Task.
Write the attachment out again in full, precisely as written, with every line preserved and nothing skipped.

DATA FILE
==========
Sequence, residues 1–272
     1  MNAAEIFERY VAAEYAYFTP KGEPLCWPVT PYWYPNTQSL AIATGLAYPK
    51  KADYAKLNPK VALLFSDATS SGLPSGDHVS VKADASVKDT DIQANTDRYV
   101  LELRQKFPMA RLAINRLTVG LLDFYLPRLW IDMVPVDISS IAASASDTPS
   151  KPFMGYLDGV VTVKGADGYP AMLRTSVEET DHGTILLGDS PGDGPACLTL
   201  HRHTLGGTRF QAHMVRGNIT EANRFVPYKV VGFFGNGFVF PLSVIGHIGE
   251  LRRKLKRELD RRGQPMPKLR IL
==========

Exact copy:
Sequence, residues 1–272
     1  MNAAEIFERY VAAEYAYFTP KGEPLCWPVT PYWYPNTQSL AIATGLAYPK
    51  KADYAKLNPK VALLFSDATS SGLPSGDHVS VKADASVKDT DIQANTDRYV
   101  LELRQKFPMA RLAINRLTVG LLDFYLPRLW IDMVPVDISS IAASASDTPS
   151  KPFMGYLDGV VTVKGADGYP AMLRTSVEET DHGTILLGDS PGDGPACLTL
   201  HRHTLGGTRF QAHMVRGNIT EANRFVPYKV VGFFGNGFVF PLSVIGHIGE
   251  LRRKLKRELD RRGQPMPKLR IL